Radar Electronic Countermeasures Techniques
Electronic countermeasures are used effectively to protect platforms such as aircraft and naval vessels.
RECM systems can work in different ways, for example creating electronically false targets, or blinding the platform to be protected from the view of enemy radars.
A possible classification of electromagnetic actions (Electronic Counter Measures) can be defined according to their main peculiarity:
Jamming: These techniques are non-coherent and based on noise Frequency Modulation (FM) of the carrier.
The jamming waveform is created by a random electronic noise that modulates the carrier in order to appear at the Radar receiver as background noise to masking the desired radar echo.
The jamming waveforms can be matched to the radar BW (Spot Noise) or with a very wide bandwidth (Barrage Noise, often applied to counter frequency agile radars).
An additional sweeping modulation (with triangular, sawtooth, Gaussian law) in the frequency domain can be superimposed.
The waveforms can be CW (Continuous Wave) or pulsed (noise cover pulse).
Deception: The deception action consists in the transmission of signal as similar as possible to the original source.
These techniques are mainly coherent and based on the reception and re-transmission of the signal coming from the radar with additional modulations (frequency, time) superimposed (they are DRFM based).
The resultant waveform is coherent and naturally matched with the radar receiver that will not be able to discriminate it from the real echo.
Its intensity must be sufficient to overwhelm the transceiver and to “deceive” the receiver for synchronizing with the “false” transmitter with no evidence of the replacement, at waveform level.
In addition, cases of non-coherent deception techniques are contemplated (such as spoofing); in these cases, the replica of the received signal made by the DRFM is replaced by the direct synthesis of the carrier frequency of the jamming/deception signal.
The effectiveness of the RECM depends on several factors:
• Distance (range) from the victim Radar: affected parameters:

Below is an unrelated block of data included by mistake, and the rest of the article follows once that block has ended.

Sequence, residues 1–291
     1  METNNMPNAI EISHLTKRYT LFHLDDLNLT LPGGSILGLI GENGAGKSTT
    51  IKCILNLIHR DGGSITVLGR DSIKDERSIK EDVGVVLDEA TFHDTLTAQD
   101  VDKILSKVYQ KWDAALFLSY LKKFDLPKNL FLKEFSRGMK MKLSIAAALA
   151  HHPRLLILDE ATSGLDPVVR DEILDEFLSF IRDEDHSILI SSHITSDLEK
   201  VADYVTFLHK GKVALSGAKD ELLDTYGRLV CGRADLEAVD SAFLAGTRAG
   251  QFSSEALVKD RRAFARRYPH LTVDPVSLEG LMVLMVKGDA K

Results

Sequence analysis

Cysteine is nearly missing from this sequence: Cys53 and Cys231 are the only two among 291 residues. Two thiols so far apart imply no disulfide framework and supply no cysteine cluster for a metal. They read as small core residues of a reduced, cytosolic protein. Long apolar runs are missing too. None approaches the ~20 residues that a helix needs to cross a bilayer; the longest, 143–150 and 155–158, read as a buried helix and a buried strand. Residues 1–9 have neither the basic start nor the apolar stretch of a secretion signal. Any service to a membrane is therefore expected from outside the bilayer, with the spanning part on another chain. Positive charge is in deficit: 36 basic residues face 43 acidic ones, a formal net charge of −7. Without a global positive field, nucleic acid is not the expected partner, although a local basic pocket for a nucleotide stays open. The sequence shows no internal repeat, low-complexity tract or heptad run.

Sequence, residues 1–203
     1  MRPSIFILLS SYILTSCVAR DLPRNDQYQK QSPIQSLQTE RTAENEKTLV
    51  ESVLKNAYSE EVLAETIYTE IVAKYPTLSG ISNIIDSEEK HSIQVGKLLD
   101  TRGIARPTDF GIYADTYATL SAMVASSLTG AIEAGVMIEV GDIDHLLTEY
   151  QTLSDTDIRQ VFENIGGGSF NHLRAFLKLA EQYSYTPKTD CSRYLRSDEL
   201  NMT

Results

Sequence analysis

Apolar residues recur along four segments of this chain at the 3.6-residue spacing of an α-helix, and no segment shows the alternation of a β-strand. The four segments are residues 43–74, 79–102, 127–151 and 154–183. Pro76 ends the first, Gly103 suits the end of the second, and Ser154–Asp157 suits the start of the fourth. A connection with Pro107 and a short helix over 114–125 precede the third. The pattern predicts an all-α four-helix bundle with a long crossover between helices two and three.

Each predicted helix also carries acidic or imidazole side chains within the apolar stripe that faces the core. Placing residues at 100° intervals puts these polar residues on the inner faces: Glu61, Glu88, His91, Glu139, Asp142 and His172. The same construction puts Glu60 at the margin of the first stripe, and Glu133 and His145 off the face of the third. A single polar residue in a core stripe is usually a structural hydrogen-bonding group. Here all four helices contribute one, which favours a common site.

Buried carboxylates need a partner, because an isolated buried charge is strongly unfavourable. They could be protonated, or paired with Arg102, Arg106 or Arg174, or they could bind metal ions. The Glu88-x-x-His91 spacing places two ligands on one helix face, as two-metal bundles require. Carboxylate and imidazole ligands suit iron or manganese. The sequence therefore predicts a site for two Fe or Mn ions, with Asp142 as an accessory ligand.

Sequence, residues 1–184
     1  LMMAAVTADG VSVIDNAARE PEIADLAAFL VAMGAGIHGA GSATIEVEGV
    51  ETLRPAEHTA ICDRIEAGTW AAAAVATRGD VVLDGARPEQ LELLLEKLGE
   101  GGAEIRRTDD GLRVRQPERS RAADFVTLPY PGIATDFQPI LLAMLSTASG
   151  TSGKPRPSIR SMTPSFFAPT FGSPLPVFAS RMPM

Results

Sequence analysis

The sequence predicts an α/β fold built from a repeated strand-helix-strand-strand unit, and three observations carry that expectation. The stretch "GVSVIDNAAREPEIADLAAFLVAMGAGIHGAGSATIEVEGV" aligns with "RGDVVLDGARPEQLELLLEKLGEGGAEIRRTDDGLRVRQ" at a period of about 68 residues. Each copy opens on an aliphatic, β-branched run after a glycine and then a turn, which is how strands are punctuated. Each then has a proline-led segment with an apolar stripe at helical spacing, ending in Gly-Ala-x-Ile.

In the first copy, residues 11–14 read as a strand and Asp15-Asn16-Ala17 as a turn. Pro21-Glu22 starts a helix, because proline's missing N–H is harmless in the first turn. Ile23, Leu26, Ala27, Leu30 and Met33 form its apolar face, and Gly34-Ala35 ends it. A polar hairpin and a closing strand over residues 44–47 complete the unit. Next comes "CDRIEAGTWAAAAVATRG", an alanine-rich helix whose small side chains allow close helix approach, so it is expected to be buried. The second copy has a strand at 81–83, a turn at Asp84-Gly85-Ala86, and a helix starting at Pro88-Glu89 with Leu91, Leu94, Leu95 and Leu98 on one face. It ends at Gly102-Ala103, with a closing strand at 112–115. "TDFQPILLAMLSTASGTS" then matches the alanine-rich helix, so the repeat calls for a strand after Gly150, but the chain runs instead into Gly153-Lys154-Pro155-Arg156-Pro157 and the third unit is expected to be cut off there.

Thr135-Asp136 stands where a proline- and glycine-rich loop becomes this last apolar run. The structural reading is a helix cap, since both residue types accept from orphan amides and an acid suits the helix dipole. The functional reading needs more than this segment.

◦ J/S, power relationship between jammer and echo: radar echo, at the radar receiver, will have a two-way propagation while the jammer will have a one-way propagation.
▪ a very big advantage in case of SIJ and some cases of EJ (the jammer is very closer with respect to the echo);
▪ an advantage in case of SPS and EJ (the jammer is almost at the same distance than the echo);
▪ a disadvantage in case of SOJ (the jammer is very far with respect to the echo);
◦ Same geometrical considerations apply to time domain:
▪ when the jammer is closer to the radar with respect to the defended platform/platforms (SIJ and some cases of EJ) totally coherent (follower) techniques can be applied (the jammer is able to receive, manipulate and re-transmit the signal before the arrival of the echo);
▪ when the jammer at the same distance from the radar with respect to the defended platform/platforms (SPJ and most of the cases of EJ) totally coherent (follower) techniques can be applied only for certain categories of radars (fixed frequency radars or agile radars with large PW’s), noise non-coherent techniques are applied in all the other cases ;
▪ when the jammer is at a longer distance from the radar with respect to the defended platform/platforms (SOJ) noise non-coherent techniques are applied;
• Level of the generated signal (affected parameter: J/S).
• Stealth capability of the defended platform/platforms: this will affect the RCS or Radar Cross Section and consequently the strength of the radar echo (affected parameter: J/S).
• Geographical constraints (obstacles, terrain);
• Duration of the service under threat;
• Intrinsic Electronic Protection measures of the attacked Radars.